A census of dense cores in the Taurus L1495 cloud from the Herschel Gould Belt Survey

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DOIResolve DOI: http://doi.org/10.1093/mnras/stw301
AuthorSearch for: ; Search for: ; Search for: ; Search for: ; Search for: ; Search for: ; Search for: ; Search for: ; Search for: ; Search for: ; Search for: ; Search for: ; Search for: ; Search for: ; Search for: ; Search for: ; Search for: ; Search for: ; Search for: ; Search for:
TypeArticle
Journal titleMonthly Notices of the Royal Astronomical Society
ISSN0035-8711
1365-2966
Volume459
Issue1
Pages342356
SubjectStars formation; Luminosity function; Mass function; ISM clouds; ISM individual objects; L1495; local interstellar matter; submillimetre
AbstractWe present a catalogue of dense cores in a ∼4° × 2° field of the Taurus star-forming region, inclusive of the L1495 cloud, derived from Herschel SPIRE and PACS observations in the 70 μm, 160 μm, 250 μm, 350 μm, and 500 μm continuum bands. Estimates of mean dust temperature and total mass are derived using modified blackbody fits to the spectral energy distributions. We detect 525 starless cores of which ∼10–20 per cent are gravitationally bound and therefore presumably prestellar. Our census of unbound objects is ∼85 per cent complete for M > 0.015 M⊙ in low-density regions (AV ≲ 5 mag), while the bound (prestellar) subset is ∼85 per cent complete for M > 0.1 M⊙ overall. The prestellar core mass function (CMF) is consistent with lognormal form, resembling the stellar system initial mass function, as has been reported previously. All of the inferred prestellar cores lie on filamentary structures whose column densities exceed the expected threshold for filamentary collapse, in agreement with previous reports. Unlike the prestellar CMF, the unbound starless CMF is not lognormal, but instead is consistent with a power-law form below 0.3 M⊙ and shows no evidence for a low-mass turnover. It resembles previously reported mass distributions for CO clumps at low masses (M ≲ 0.3 M⊙). The volume density PDF, however, is accurately lognormal except at high densities. It is consistent with the effects of self-gravity on magnetized supersonic turbulence. The only significant deviation from lognormality is a high-density tail which can be attributed unambiguously to prestellar cores.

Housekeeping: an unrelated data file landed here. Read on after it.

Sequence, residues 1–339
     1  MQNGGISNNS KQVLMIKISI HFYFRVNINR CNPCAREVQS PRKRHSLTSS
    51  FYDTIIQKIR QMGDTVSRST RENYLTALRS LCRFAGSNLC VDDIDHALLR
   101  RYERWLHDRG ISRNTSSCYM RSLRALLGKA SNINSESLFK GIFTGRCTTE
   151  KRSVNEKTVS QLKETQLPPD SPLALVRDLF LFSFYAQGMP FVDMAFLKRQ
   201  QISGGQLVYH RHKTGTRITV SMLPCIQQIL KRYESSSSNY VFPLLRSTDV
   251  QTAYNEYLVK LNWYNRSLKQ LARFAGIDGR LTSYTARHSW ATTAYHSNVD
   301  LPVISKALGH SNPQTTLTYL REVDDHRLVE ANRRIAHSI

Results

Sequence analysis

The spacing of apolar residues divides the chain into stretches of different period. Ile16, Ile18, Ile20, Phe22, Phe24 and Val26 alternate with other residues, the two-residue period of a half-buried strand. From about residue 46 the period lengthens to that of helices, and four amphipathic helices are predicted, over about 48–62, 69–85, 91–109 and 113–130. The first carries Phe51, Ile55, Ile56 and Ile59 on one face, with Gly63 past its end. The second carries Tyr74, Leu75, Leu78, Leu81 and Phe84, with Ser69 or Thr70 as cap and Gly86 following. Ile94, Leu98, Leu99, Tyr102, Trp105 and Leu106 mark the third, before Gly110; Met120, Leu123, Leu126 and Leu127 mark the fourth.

Publication date
PublisherOxford University Press
LanguageEnglish
AffiliationNational Science Infrastructure; National Research Council Canada
Peer reviewedYes
NPARC number23000380
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Record identifier70b2dde6-d187-4e33-950b-9b1346a40ce6
Record created2016-07-12
Record modified2016-07-12
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